Evangelical Working Group of the CDU/CSU

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The Evangelical Working Group in Bochum, 1966

The Evangelical Working Group of the CDU/CSU (Evangelischer Arbeitskreis der CDU/CSU) (EAK) is a specialized agency of the CDU and CSU.[1] The term evangelical is not to be confused with a more conservative or radical connotation in the English language, but refers to the Evangelische Kirche in Deutschland, the general union of mostly Lutheran and mainstream regional churches.

The CDU/CSU was originally dominated by Catholics. The EAK was established in order to secure the position of the Protestant members. It also facilitates dialogue with the Protestant churches within Germany. Since the 1960s, the importance of the EAK has declined along with the declining importance of the religious divide of Catholics and Protestants in Germany.


Within the is a structural dominance of Catholic members. During the early years of the Federal Republic of Germany denominational differences played an important role. Therefore, the EAK was created to serve three main objectives: firstly, the Evangelical Union politicians wanted to appeal Protestant voters and improve the electoral chances of the party amongst those voters. Thus the EAK served to express the interdenominational character of the CDU/CSU to the voting public. On the other hand, the maintenance of sectarian proportional representation has been pursued within the CDU/CSU parties. In addition, the organization also served to provide Protestants a level of self-assurance within a predominantly Catholic environment. Today, the EAK sees its role as facilitating contact with and providing forum for the Protestant churches and their members.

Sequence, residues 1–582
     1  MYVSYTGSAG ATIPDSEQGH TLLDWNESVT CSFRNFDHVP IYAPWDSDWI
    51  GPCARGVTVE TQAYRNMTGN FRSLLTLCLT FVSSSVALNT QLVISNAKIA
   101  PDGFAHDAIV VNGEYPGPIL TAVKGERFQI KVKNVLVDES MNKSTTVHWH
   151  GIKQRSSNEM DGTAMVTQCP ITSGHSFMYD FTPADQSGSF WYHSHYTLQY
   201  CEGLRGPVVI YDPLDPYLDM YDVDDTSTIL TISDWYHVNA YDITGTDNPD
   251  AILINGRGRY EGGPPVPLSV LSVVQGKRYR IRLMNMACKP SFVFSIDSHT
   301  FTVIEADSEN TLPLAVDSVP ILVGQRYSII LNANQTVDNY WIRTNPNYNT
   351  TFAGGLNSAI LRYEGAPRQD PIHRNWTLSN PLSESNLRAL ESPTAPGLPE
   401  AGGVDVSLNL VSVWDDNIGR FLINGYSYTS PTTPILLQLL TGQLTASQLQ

The EAK was founded in 1952 at the instigation of Hermann Ehlers in Siegen. The actual trigger for the formation of the EAK was the dispute between Konrad Adenauer and Gustav Heinemann, a leading Protestant-evangelical member of the Christian-democrats (CDU) at that time, on the issue of rearmament. Heinemann, who opposed the rearmament of (western) Germany for religious and conscience reasons, had resigned as interior minister, and finally formed the All-German People's Party (Gesamtdeutsche Volkspartei, (GVP)) which was seen as a serious challenge to the CDU. Heinemann was also provost of the Synod of the Evangelical Church in Germany (EKD), and thus one of the leading Protestant representatives in Germany. This alarmed the Protestant Union politicians.

The failure of the Gesamtdeutschen Volkspartei in the general election in 1953 was seen by the CDU as a success of the newly formed EAK. At the time, Gerhard Schroeder, chairman of the EAK, widely received attention and was considered a potential successor to Adenauer. With the increasing secularization since the late 1960s there was a change in the character of the EAK and there was a relative decline in importance of the organization.

Hermann-Ehlers medal[edit]

Since 2004, the EAK has presented the Hermann-Ehlers medal to figures from the evangelical church and politics. [2]



  1. ^ Ronald J. Granieri, The ambivalent alliance: Konrad Adenauer, the CDU/CSU, and the West, 1949-1966, Berghahn Books, 2003, p54
  2. ^ "Hermann-Ehlers-Medaille" (in German). 2012-02-19. Archived from the original on 2011-11-26. Retrieved 2012-02-19.